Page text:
Commentary Magazine


India

To the Editor:

In Walter Laqueur’s collapsing international house of cards [“The Gathering Storm,” August 1974], India is considered the trigger card. Although one cannot deny that India is a functioning anarchy, neither can one deny that it is also one of the few genuinely functioning democracies in the world. Contrary to the usual residual racist Western shibboleths, India has steadfastly adhered to free institutions, and her illiterate peasants have shown a degree of political sophistication which matches the best in the Commonwealth of Massachusetts or Cook County, Illinois. Recalling the Indian general elections of 1967, one is struck by the selective turning out of the rascals. That same electorate can be counted on to turn out the current crop of Congress party leaders who are to be blamed for most of the ills of India today. Unless Mrs. Gandhi rapidly improves her performance, it is reasonable to expect a quick change at the top which, thanks to the parliamentary form of government, will be achieved without the trauma recently witnessed in the United States. Indeed, one can already see changes in Mrs. Gandhi’s rhetoric and policies. She has imposed the most stringent incomes policy in the world to contain runaway inflation at 36 per cent, although it is not clear whether incomes policy is relevant in a society where 70 per cent of the transactions are associated with food production and consumption. Nevertheless, the imposition of such a policy does indicate that Indian leaders do make hard decisions when compelled to, as in any free society. In addition, Mrs. Gandhi has quietly replaced anti-American and anti-Western firebrands and, swallowing her pride in the interest of India, has asked for and gotten food aid (“long-term and low interest”) from the United States. In the name of curbing inflation she forcefully put down a strike of the powerful railway workers union. Mrs. Gandhi is assiduously courting the Shah of Iran for some of his petrodollars and the indications are that she will succeed. The so-called intractable Kashmir problem may be nearing a solution, thanks to her bold and risky initiatives. These are not the actions of a government which is on the brink of collapse, but rather those of a government which is strong and self-confident.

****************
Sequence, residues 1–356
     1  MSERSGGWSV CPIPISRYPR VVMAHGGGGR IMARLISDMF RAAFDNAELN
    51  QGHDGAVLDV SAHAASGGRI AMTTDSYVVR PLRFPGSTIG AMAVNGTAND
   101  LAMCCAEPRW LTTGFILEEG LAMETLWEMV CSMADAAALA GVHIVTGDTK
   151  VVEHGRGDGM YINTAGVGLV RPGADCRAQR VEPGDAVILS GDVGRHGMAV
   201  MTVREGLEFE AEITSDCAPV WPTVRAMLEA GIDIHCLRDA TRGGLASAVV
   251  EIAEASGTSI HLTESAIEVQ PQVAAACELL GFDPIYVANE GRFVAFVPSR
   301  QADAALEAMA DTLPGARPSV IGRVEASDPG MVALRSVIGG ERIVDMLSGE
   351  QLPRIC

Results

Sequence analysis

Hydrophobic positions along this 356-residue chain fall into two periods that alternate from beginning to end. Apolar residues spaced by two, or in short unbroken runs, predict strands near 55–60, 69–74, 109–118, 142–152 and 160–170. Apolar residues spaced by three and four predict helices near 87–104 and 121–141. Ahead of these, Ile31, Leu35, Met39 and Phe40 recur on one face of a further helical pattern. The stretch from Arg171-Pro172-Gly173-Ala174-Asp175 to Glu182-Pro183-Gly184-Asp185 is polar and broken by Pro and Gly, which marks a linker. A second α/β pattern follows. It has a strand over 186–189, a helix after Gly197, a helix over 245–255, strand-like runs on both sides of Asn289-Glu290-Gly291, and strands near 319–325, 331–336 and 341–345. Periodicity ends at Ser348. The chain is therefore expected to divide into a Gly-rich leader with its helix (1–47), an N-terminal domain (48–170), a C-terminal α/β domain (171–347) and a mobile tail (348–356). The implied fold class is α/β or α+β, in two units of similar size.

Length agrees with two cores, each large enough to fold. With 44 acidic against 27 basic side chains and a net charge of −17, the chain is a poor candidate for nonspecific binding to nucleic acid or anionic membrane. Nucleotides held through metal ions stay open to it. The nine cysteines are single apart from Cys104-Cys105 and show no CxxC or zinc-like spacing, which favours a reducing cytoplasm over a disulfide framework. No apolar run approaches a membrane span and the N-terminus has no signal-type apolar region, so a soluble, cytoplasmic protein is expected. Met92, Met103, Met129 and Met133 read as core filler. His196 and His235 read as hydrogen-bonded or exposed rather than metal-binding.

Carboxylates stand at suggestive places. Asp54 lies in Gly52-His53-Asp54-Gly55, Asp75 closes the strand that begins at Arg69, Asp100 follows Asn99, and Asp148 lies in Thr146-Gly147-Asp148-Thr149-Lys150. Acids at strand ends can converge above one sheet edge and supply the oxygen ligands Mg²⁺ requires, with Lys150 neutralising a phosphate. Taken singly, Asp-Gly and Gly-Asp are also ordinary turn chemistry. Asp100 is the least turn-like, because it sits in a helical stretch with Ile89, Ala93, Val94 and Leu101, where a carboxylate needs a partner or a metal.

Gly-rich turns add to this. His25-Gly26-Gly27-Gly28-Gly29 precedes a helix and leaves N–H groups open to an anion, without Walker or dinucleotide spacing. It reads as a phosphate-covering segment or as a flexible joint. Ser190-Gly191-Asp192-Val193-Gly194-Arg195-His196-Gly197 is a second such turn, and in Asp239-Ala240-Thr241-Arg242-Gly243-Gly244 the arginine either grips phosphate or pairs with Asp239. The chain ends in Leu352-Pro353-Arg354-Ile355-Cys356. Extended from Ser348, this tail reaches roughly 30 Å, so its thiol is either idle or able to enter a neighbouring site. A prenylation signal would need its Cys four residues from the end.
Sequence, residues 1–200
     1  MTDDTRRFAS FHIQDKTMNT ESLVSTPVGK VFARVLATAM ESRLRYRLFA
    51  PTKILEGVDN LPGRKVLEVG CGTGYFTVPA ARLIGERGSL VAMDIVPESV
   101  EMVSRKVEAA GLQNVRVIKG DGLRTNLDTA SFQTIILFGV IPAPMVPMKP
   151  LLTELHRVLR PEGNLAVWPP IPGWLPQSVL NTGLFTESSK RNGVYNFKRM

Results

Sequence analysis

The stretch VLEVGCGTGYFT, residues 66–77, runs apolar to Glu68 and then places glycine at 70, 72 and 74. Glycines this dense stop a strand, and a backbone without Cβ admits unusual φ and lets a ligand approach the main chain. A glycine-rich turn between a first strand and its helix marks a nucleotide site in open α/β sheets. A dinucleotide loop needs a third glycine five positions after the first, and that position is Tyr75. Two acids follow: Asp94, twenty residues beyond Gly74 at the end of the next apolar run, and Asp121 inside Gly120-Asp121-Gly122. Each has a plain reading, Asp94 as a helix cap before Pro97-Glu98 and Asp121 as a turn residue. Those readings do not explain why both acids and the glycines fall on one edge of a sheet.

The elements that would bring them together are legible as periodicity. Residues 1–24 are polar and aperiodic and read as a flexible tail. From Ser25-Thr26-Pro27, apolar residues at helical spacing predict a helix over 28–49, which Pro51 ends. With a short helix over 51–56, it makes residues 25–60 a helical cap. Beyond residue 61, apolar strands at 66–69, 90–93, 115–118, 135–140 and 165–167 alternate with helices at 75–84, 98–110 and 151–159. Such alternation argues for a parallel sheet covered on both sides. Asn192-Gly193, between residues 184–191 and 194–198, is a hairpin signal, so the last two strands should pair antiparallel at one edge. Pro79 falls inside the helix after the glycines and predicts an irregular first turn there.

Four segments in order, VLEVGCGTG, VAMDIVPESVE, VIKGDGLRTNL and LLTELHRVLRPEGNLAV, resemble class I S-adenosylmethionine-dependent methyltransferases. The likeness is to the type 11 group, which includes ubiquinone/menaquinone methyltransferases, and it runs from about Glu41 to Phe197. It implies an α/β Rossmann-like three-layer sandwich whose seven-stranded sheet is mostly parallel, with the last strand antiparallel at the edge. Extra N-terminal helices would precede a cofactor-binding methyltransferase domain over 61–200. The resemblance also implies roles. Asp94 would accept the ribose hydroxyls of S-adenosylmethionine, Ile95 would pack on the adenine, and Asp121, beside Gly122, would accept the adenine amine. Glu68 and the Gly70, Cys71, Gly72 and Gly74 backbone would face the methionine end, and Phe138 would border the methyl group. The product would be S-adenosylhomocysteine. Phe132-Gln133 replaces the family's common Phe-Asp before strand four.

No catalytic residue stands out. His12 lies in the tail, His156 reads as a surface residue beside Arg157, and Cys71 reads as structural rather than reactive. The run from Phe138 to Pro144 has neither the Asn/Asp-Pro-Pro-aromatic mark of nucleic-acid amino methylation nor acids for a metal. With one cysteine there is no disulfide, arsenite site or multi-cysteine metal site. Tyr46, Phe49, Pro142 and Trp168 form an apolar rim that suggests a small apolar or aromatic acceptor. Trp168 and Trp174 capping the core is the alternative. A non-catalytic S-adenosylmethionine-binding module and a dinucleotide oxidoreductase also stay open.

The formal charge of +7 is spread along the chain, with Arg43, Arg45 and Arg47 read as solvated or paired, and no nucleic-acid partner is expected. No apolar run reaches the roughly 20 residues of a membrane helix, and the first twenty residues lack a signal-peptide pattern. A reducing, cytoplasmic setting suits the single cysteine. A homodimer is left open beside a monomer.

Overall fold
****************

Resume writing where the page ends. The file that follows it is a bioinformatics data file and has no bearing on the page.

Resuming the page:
Similarly, any talk of the disintegration of the Congress party is at best premature. The party has consistently won a minimum plurality of 40 per cent of the electorate. The Congress party is in fact very similar to the Democratic party in the United States in that it acts as a vehicle for achieving power which is itself devoid of ideological content, although ritual incantations of socialism are pronounced at party conventions. . . . As long as access to power is fairly open and the Congress party continues to play its accustomed role as mediator . . . , it is hard to see how the party will disintegrate. . . .

Some years ago a perceptive French ambassador to India stated that in France things are always serious but never disastrous whereas in India things are always disastrous but never serious. This state of affairs is likely to continue in the foreseeable future. As of now, there is no evidence to support the assertion that India is going to set off the dominoes by its collapse.

N. M. Katary
University of Wisconsin
Madison, Wisconsin

_____________

 

Walter Laqueur writes:

Nowhere in my article did I state, suggest, infer, or imply that India could be the “trigger card in the collapsing international house of cards” or that it is “going to set off the dominoes by its collapse.” Otherwise, I am grateful for Mr. Katary’s interesting observations on the state of India.

_____________

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